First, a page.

Earlier this year, according to a person familiar with the matter, SoftBank invested $300 million in WeWork Cos., which rents out temporary work space. After the SoftBank infusion, WeWork’s valuation also increased by about $2 billion to about $18 billion, according to an estimate by private stock market provider Equidate. Softbank will eventually take a much larger stake, the person says, probably by tapping the new fund. That could push up the valuation even more at a company whose breakneck growth projections may not play out as expected.
Then there’s the concern that SoftBank will ladle out more money than start-ups need or can absorb. One worry is that big infusions will persuade founders to stay private longer than they otherwise would. Consider SoFi. Back in May 2015, the online lender said it would probably go public within 12 months. Later that year, SoFi raised $1 billion in a deal led by SoftBank. Today there’s no sign SoFi has any plans to pull the trigger on an IPO, despite an improving market for initial public offerings.
“As the exit gets prolonged, the likelihood that early investors get diluted or boxed out goes up,’’ says Semil Shah, a general partner at the early stage investment firm Haystack. “And so a lot of investors, even some very good institutional investors, may not be able to protect their positions."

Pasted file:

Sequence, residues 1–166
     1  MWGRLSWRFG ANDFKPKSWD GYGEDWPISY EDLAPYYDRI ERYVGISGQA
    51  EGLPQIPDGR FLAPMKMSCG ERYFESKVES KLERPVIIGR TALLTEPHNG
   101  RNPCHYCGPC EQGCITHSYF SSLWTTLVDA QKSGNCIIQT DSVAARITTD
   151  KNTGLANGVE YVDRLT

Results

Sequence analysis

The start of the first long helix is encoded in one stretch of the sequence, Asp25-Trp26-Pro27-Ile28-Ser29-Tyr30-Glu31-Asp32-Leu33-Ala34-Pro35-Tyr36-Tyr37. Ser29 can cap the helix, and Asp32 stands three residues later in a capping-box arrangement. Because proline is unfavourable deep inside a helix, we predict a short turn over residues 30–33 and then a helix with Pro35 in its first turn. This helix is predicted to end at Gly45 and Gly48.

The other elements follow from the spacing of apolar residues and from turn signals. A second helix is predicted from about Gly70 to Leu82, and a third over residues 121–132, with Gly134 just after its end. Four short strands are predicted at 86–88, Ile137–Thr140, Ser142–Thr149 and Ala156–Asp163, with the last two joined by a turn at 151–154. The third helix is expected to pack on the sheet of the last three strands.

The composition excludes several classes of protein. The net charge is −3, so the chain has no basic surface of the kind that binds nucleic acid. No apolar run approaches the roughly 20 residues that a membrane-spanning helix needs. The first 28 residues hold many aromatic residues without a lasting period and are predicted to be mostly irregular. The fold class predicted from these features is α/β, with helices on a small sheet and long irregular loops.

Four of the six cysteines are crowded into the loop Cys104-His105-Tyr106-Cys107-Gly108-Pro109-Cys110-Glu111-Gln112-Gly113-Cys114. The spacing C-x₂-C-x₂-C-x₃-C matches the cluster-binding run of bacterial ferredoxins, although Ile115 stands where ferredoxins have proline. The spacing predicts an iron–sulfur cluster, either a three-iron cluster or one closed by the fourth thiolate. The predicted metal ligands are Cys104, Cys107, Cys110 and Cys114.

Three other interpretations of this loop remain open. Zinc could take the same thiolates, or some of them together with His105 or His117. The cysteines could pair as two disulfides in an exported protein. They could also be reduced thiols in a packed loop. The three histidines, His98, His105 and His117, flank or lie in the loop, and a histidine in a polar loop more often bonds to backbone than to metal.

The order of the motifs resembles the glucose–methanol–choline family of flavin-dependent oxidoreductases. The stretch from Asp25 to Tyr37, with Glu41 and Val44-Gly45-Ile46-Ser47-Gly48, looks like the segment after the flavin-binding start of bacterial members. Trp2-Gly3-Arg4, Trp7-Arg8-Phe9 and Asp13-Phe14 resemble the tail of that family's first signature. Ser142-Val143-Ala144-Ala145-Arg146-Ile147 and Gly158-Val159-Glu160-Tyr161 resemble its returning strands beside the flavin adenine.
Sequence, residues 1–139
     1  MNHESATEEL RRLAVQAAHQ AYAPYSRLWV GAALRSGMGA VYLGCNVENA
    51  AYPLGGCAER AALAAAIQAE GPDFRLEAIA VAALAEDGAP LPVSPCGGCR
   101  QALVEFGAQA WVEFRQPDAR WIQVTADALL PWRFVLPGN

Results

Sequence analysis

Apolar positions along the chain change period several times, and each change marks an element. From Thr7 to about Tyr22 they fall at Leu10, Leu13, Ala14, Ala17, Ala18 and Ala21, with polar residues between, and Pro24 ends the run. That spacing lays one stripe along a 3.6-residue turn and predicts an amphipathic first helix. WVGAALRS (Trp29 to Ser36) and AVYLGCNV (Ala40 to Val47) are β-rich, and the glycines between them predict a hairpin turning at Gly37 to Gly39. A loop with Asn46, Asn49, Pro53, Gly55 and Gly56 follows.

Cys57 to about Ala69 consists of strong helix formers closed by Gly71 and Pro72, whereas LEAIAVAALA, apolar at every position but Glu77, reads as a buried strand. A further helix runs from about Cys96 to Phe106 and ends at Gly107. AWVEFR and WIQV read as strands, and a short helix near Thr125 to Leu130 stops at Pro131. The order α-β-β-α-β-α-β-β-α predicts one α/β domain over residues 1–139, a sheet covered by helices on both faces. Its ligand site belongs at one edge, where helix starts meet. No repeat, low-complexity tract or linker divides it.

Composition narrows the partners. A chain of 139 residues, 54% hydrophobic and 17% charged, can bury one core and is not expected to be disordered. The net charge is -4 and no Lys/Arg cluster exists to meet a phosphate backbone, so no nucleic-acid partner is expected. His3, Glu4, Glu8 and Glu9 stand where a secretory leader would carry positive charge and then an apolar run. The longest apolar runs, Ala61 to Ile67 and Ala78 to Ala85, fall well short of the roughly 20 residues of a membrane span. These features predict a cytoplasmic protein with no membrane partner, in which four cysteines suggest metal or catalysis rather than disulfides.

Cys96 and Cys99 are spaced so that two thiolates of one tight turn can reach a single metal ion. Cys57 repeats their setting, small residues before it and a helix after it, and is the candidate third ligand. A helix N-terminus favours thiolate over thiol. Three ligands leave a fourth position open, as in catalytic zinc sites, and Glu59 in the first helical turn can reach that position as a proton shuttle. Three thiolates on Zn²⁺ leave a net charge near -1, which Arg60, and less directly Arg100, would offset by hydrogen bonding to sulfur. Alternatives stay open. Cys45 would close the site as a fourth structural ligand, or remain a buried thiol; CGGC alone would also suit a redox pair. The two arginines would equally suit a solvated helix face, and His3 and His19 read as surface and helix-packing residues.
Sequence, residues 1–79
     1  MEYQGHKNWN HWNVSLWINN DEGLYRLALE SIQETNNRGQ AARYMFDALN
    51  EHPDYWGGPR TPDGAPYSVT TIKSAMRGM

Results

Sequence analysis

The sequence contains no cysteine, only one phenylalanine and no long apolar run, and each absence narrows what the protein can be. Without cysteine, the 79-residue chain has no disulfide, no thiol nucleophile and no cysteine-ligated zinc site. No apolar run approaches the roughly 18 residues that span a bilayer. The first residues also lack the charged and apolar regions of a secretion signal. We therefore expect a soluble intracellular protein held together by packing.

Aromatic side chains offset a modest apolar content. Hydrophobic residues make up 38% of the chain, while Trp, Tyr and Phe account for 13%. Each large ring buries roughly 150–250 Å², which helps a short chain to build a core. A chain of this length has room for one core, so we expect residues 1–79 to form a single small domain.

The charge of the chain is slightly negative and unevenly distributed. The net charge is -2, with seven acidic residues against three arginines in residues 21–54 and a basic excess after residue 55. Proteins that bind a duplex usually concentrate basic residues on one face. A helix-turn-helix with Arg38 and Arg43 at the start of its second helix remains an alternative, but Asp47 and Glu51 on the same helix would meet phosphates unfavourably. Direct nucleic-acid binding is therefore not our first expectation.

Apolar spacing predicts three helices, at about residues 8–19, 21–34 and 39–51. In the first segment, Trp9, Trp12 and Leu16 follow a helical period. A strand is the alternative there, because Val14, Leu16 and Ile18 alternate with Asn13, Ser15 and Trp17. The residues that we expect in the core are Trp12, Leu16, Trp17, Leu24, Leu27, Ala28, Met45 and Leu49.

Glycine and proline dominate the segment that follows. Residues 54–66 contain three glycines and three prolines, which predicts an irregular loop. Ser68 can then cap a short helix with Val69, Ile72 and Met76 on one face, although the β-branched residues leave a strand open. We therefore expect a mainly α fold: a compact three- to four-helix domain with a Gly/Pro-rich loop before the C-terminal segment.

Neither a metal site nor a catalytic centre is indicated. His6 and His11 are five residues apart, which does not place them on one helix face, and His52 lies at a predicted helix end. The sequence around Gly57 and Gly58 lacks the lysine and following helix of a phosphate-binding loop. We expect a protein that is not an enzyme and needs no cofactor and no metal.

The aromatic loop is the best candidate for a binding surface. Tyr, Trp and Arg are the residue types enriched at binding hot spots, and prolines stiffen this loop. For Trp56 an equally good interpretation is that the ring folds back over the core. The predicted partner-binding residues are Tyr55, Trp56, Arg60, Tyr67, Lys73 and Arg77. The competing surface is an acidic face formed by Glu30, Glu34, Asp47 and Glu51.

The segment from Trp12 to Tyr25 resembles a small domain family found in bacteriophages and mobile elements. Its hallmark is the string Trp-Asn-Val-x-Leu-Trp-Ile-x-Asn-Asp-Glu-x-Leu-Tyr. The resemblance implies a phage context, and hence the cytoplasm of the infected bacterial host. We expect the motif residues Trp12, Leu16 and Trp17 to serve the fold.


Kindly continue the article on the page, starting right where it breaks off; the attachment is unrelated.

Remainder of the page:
A spokesman for SoftBank’s Vision Fund declined to comment on the fund’s strategy. Already founders approached by SoftBank are caught between the desire to take the money and concern about handing over too much control of their company, according to an investor. One start-up targeted by SoftBank has tried to negotiate for less money, this person says. SoftBank won’t budge; it’s a big check or nothing. SoFi originally asked for less money, too, according to another investor. Pushing start-ups to take more cash than they ask for has been Son’s strategy since the beginning. SoftBank invested more money in Yahoo, Alibaba and Didi than what the entrepreneurs had initially wanted.
Some deem the hand-wringing about SoftBank’s impact overly pessimistic. In some cases, the funding from sources like SoftBank will give start-ups the lifeline they need to create a grander vision from an otherwise promising idea. In others, it will give founders, employees and venture backers a chance to sell holdings, creating exit opportunities for stakeholders who may not otherwise have a chance to unlock value.
One VC says much depends on how quickly the Vision Fund is invested. If the company and its partners invest the $100 billion over five years, it will essentially replace what the hedge funds and private equity firms were spending before. This person also says Son could choose to buy a big public company, leaving less money to invest in private start-ups.
The VC acknowledges that taking SoftBank’s money would dilute founders’ stakes and ratchet up pressure on them to pull off a big exit, but he says they would also stand to benefit from Son’s global connections and star power—advantages few venture firms can match. Bloomberg